We need to see what kinds of plants can sprout and grow in a space
environment. We think Pac Choi would be our best choice of the seeds in
the Exolab. We think they won't grow straight stems because of micro-
gravity.


Background:   


Someday, humans will travel to space far enough away from Earth to need to grow at least
some of the food they take with them.  We are practicing for living in space by sending
humans to live for months at a time on the International Space Station. We need to see
which plants will germinate and grow in space so space explorers can grow their own food.  
Also, plants will help filter out and use up Carbon Dioxide - CO2  - and convert it back to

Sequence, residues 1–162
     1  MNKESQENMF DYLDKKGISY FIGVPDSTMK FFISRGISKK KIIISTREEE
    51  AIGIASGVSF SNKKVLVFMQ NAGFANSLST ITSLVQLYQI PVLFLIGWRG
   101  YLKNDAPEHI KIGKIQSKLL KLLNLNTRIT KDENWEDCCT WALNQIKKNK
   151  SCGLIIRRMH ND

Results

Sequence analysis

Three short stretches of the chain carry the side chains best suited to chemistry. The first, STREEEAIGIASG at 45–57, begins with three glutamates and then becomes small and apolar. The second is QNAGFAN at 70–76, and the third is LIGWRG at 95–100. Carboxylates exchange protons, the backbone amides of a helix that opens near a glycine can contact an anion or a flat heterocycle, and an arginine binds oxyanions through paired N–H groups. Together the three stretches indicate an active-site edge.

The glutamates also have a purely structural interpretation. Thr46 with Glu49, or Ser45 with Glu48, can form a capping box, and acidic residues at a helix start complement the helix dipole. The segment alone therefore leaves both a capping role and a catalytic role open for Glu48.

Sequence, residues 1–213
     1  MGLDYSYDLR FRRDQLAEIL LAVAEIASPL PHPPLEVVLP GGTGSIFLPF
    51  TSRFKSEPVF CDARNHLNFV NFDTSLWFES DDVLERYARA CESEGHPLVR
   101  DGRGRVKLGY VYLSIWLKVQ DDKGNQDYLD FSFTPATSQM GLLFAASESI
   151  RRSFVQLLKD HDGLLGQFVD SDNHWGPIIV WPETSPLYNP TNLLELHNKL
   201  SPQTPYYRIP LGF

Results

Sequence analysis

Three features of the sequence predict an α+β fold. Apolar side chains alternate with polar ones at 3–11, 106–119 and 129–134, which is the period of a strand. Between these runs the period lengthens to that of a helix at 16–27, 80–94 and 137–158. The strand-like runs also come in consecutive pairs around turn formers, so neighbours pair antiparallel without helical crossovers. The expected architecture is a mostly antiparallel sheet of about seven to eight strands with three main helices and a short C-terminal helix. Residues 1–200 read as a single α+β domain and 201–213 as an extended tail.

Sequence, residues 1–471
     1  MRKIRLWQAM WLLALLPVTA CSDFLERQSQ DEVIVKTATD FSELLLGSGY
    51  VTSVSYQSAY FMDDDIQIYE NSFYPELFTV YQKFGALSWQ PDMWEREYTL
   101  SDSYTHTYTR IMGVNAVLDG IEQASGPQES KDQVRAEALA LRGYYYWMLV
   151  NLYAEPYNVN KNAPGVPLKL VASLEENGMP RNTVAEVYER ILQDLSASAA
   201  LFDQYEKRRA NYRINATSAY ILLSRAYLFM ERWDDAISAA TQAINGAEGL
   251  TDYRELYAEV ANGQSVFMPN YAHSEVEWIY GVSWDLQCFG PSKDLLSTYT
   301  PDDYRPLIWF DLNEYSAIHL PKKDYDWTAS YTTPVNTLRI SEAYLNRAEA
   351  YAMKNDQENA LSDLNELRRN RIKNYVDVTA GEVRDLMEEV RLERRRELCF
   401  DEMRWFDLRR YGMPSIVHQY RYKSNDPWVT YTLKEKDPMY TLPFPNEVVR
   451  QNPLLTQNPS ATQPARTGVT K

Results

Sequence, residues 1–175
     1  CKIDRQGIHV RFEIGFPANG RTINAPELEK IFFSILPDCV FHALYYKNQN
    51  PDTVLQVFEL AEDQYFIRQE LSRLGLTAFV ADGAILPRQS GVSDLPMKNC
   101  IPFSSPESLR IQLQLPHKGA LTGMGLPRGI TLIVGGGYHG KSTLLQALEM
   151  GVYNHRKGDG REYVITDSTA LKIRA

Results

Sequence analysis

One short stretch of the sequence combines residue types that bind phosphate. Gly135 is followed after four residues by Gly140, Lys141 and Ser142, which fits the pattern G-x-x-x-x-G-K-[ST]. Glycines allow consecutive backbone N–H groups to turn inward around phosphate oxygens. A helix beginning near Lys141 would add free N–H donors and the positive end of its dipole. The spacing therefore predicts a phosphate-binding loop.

Oxygen - O2 - for humans.  


NASA and some other groups are already experimenting with plants.  We know already that
several types of lettuce grow pretty well on the ISS, but that some plants would not work or
would not be practical.  Trees, for example, take too much space and water and take too long
to grow, so fruit trees are not an option. For space gardens, good options are plants that grow
quickly and don’t require much room.  They will require nutrients, water, and light.


There are many questions that need to be answered:
  • What does the extra radiation exposure in space do to seeds and plants?
  • Do some seeds do better than others?
  • What kind of light promotes the best growth?
  • Does the amount of CO2 or O2 matter?
  • Do plants grow slower or faster in space?
  • Does the temperature affect the growth?


The Exolab experiment from Magnitude.IO seeks to help answer these questions.  Exolab
is a Cube experiment and uses the space of 2 Cubes. There is one on the ISS now, and one
in our classroom.  There are others in other schools around the world. Each Exolab
experiment sends one plant experiment to the ISS several times a year to see how it does in